Tuesday, August 30, 2011

Sanitized for Your Protection

There's an excellent piece at CommonDreams.org, written by an Austin Texas high school history teacher who tells how the Texas history curriculum has been purged of impure thoughts and inconvenient truths.

Texas has sanitized the high school curriculum, not for the protection of the students but to protect the ruling elite. The textbooks are sanitized to keep students from learning about any proto-socialist or communitarian views held by the Founding Fathers, to disguise the founders' occasional agnosticism and open-minded theism, to erase any useful understanding of how the union movement in the twentieth century led to the forty hour week, the weekend, the paid vacation, to the idea of giving employees raises and benefits like health insurance and pensions. Instead of learning about how Washington and Hamilton introduced the idea of a national debt to spur investment and economic growth, Texas school children will learn about Estée Lauder and a handful of other business tycoons. They'll learn how the House Un-American Activities Committee bravely saved America from the march of Communism––no mention of the witch-hunt, the censorship, the careers ended, the innocent lives destroyed or the broad fear they created. In Texas textbooks, Westward Expansion did not drive native Americans from their ancestral lands or kill millions with disease and privation, it saved their souls. History is all about how you look at it. Conservatives and Republicans have warned us about propaganda; this is it.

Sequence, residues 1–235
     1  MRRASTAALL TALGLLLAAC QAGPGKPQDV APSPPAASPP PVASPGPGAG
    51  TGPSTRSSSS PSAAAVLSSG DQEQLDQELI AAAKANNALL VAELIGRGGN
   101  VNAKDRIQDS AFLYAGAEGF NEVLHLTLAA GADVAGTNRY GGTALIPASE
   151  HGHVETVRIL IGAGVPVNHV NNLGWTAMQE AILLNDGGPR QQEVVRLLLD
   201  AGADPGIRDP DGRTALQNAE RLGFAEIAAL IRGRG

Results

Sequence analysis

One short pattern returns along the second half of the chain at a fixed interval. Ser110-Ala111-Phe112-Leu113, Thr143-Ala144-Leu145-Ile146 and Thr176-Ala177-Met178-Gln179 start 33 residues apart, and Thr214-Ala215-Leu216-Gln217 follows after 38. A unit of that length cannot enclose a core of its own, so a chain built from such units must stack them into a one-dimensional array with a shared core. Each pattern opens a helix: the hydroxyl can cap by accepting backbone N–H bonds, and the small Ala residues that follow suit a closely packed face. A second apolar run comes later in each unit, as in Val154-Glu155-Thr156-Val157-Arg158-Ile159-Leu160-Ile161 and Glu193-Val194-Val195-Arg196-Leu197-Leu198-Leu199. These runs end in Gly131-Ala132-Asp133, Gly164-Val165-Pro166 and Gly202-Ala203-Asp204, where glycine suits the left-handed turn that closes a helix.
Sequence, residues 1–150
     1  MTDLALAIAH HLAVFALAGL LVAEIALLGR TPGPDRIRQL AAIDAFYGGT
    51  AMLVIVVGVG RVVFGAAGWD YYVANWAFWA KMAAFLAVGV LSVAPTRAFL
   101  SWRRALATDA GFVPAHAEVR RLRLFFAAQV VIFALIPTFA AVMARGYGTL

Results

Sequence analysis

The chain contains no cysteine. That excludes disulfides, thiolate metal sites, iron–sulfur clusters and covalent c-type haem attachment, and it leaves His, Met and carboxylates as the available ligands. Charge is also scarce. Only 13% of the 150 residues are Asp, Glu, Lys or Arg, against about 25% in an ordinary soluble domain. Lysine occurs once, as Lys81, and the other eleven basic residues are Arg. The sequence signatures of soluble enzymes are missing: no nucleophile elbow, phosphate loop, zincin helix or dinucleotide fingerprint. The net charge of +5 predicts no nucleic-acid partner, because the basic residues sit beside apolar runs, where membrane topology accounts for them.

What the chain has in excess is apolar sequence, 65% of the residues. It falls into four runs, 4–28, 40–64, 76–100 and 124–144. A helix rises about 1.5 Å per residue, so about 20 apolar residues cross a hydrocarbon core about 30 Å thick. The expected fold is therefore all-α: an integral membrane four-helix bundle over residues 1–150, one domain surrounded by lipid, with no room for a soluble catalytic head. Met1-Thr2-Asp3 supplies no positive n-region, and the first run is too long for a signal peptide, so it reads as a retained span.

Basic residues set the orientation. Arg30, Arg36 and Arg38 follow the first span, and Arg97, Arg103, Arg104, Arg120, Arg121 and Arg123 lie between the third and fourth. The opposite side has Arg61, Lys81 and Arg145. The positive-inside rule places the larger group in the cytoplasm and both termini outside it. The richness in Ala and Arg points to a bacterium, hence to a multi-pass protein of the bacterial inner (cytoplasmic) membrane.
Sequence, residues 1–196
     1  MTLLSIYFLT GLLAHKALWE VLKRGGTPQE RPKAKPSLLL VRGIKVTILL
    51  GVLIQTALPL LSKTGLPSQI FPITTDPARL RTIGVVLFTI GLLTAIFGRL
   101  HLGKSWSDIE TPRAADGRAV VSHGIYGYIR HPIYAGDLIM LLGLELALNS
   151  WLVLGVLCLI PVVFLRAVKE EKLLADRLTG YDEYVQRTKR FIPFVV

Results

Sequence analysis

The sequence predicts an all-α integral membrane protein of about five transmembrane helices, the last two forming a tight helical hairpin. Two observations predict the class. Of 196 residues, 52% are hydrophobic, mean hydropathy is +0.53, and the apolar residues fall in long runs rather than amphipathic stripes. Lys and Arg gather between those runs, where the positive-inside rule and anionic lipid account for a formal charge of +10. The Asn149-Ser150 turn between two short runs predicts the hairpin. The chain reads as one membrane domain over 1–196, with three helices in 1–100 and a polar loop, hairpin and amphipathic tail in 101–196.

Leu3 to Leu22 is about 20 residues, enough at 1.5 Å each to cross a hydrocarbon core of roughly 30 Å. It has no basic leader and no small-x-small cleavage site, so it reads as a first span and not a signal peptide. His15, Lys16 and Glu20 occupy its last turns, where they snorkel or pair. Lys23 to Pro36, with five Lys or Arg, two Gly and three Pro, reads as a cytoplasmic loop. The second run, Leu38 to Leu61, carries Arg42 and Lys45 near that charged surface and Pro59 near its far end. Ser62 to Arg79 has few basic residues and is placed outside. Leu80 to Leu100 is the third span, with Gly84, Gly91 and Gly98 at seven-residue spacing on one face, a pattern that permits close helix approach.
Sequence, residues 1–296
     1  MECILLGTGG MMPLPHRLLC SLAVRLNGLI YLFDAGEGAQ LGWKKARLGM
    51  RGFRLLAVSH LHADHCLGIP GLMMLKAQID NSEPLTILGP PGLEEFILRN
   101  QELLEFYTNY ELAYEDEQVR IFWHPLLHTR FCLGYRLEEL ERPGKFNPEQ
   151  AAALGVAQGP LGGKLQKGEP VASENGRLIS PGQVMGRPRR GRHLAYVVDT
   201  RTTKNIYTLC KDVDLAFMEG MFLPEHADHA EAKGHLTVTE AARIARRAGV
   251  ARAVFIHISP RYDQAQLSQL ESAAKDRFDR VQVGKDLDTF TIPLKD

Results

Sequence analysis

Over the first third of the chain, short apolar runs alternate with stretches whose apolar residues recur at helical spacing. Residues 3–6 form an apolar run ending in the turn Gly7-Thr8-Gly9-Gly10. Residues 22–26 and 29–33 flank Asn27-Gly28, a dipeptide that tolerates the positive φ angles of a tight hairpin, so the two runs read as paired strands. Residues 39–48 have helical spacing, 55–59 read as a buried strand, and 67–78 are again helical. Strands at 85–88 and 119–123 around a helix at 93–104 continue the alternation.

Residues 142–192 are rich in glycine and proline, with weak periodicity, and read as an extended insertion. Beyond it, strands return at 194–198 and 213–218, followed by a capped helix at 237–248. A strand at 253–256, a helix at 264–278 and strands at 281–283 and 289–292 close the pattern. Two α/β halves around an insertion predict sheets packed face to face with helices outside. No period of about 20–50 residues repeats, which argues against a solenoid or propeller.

Last year the CSMonitor reported on the "whitening" effort in Texas education, to make slavery less significant in the history books, to whitewash it. Maybe this is how Michele Bachmann got her notions about how slavery was happier than the lives of African Americans today. In case you don't remember, this is how the Soviets taught history. I guess Texans and Republicans learned something from the Cold War.

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